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Post Office 1902-03

30 May 1902 - N'pton Mercury

Rushden - The Proposed New Post Office.

Mr. Anderson, of Northampton, has, it is stated, prepared plans for the erection of the new Post Office buildings at the corner College-street, the property of Messrs. J. Cave and Son.

The Rose and Crown and the Post Office c1902/3
This fine building was under construction when Mr. Sidney Field was appointed postmaster.

It was part of the civic expansion of Rushden under the Urban Council, when the Fire Station was built 1902, then
a Carnegie Library was built in 1905, and Council Offices in 1906.
The Post Office c1910

The Wellingborough News, 24th January 1902

The New Postmaster of Rushden

Mr. Sidney Field, who has been a clerk in the Northampton Post Office for sixteen years, has been promoted to the office of postmaster at Rushden, vacant through the retirement, in August last, of Mr. Charles Hewitt. Mr. Field, who is a native of Bedford, and went to Northampton at an early age, won a scholarship from Kettering-road Board Schools to Northampton Grammar School. Leaving the Grammar School at Christmas 1885, Mr. Field entered the Northampton Post Office, and in May, 1886, was appointed a sorting clerk and telegraphist, and has ably occupied these positions ever since. He leaves Northampton Post Office on Saturday next, and takes up his duties at Rushden on Monday. The postmastership of Rushden has never before been held by a man holding a civil service appointment. The work at the Rushden Office has been going up by leaps and bounds, and new offices are about to be erected to cope with the ever-increasing work. Mr. Field is exceedingly well known in Northampton. He is a keen cricketer, and has on various occasions done good work as a member of the Northamptonshire eleven, while in Northampton League cricket he has been one of the most useful members of the Clarence team.

Pending the appointment of a permanent postmaster, Mr. W. A. Jones, of Leamington Spa, was temporarily appointed, and has carried out the duties in a zealous and courteous manner. Mr. Jones returns to Leamington on Wednesday to resume his duties at that town.

Rushden Argus, 17th April 1903, transcribed by Greville Watson

NEW POST OFFICE—On Wednesday morning the postal officials took possession of the handsome new premises, erected by Messrs. Cave and Sons, at the corner of College-street and the High-street. Under the directions of the Postmaster, Mr. S. Field, the apparatus of the office had been transferred from the old quarters higher up the street, and the business proceeded without intermission. The new building promises to add greatly to the convenience of the public and of the officials, being commodious and well arranged. The large room at the corner, for the transaction of public business, is entered by swing doors with plate glass panels, and similar doors lead off to other parts of the premises. These comprise the Postmaster'€™s office, telegraph operators'€™ room, large sorting room fitted with counters and shelves, and a messengers'€™ waiting room, with yard and conveniences at the rear for hand carts and other apparatus. The walls are glazed in white, and the fittings are of a substantial character, with oak doors and frames. The upper floors form the residence of the Postmaster.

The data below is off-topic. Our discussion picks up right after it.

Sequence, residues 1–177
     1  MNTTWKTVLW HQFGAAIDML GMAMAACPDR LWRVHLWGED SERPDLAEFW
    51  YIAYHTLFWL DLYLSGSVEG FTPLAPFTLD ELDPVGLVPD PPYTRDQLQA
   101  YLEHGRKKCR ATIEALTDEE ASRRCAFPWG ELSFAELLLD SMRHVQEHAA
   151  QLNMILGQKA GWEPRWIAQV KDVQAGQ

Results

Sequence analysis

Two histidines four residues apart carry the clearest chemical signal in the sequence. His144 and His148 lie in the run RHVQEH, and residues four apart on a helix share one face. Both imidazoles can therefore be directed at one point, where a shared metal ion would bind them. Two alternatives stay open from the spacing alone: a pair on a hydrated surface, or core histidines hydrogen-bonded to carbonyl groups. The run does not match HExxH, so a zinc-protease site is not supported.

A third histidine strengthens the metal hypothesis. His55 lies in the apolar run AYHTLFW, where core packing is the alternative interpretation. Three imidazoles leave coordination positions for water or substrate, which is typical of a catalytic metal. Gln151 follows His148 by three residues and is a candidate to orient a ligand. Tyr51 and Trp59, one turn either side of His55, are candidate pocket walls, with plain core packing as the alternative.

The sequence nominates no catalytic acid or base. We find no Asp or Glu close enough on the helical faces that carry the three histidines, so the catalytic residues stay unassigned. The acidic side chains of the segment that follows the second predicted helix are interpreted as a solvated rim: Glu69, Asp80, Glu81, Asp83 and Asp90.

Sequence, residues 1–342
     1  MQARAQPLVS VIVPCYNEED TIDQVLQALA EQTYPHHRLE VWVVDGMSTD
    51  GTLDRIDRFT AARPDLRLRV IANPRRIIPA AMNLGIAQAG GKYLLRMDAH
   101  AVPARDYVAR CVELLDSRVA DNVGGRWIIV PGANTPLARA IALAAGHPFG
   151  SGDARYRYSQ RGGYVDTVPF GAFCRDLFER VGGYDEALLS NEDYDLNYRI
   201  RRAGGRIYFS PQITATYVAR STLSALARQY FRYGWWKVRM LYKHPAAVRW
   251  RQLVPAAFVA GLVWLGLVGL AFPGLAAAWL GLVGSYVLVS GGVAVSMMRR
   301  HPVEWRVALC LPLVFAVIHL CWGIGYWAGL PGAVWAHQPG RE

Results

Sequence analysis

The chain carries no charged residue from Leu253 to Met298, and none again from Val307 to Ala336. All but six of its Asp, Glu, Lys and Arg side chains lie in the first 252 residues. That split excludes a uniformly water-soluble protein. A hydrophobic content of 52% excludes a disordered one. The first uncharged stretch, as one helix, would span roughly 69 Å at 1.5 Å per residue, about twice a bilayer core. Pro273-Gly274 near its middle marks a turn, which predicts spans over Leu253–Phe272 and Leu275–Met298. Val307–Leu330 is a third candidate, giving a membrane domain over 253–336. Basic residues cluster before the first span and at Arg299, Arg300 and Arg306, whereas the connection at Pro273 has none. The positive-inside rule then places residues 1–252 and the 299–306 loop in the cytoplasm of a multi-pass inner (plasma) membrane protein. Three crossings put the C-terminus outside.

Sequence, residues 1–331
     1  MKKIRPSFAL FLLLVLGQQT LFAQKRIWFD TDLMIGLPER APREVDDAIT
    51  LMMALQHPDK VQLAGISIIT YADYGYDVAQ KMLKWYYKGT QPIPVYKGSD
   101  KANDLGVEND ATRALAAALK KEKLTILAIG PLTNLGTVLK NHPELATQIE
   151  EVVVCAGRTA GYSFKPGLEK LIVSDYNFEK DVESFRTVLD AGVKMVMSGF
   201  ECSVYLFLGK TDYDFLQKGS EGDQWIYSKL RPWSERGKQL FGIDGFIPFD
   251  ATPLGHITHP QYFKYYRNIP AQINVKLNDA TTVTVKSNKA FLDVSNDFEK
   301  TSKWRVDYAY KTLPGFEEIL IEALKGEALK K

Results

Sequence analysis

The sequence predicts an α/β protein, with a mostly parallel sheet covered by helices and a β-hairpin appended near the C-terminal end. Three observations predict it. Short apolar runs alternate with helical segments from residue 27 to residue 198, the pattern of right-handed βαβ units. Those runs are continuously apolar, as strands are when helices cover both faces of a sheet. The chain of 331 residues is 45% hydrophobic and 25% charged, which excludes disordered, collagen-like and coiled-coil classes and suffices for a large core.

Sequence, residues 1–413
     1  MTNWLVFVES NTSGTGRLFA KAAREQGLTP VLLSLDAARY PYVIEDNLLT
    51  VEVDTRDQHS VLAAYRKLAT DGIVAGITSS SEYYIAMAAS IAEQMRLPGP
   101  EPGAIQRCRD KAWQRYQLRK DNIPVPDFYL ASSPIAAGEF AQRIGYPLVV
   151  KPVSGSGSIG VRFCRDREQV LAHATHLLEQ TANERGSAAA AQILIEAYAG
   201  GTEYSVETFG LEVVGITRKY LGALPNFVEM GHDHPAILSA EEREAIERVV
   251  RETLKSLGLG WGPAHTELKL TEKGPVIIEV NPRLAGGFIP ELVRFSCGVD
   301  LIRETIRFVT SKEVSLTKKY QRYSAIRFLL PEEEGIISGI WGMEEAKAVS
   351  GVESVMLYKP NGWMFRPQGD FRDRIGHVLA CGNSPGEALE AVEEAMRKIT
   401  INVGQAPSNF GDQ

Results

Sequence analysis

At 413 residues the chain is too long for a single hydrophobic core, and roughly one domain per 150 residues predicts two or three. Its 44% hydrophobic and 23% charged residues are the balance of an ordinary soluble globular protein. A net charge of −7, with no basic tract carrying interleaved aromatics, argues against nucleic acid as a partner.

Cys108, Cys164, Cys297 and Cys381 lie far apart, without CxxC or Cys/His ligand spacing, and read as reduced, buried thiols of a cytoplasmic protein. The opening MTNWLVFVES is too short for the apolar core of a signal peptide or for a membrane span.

1907 Extract .... continued Mr. Seckington.

"There is the new magnificent Post Office, with postmaster, indoor staff of five clerks, including two lady clerks, four established postmen and six auxiliaries, two men for delivering parcels and three telegraph messengers. Rushden has now three deliveries a day and twelve despatches. There are four sub-offices—Higham-road, High-street South, Newton-road, and Wellingborough-road—and a large number of wall-boxes and pillar boxes. The changes have been truly wonderful."

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